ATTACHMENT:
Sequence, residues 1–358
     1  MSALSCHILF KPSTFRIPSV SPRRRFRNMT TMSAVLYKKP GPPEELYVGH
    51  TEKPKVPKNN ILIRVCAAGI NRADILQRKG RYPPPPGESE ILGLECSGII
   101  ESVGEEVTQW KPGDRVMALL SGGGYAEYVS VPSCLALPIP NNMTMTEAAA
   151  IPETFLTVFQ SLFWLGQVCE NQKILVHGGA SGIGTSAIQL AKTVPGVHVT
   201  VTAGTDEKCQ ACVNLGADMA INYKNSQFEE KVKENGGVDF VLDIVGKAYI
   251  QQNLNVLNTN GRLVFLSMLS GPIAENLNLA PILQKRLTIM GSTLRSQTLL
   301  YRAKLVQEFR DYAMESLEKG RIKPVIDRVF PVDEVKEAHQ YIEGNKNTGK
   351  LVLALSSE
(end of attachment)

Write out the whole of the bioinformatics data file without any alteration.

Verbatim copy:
Sequence, residues 1–358
     1  MSALSCHILF KPSTFRIPSV SPRRRFRNMT TMSAVLYKKP GPPEELYVGH
    51  TEKPKVPKNN ILIRVCAAGI NRADILQRKG RYPPPPGESE ILGLECSGII
   101  ESVGEEVTQW KPGDRVMALL SGGGYAEYVS VPSCLALPIP NNMTMTEAAA
   151  IPETFLTVFQ SLFWLGQVCE NQKILVHGGA SGIGTSAIQL AKTVPGVHVT
   201  VTAGTDEKCQ ACVNLGADMA INYKNSQFEE KVKENGGVDF VLDIVGKAYI
   251  QQNLNVLNTN GRLVFLSMLS GPIAENLNLA PILQKRLTIM GSTLRSQTLL
   301  YRAKLVQEFR DYAMESLEKG RIKPVIDRVF PVDEVKEAHQ YIEGNKNTGK
   351  LVLALSSE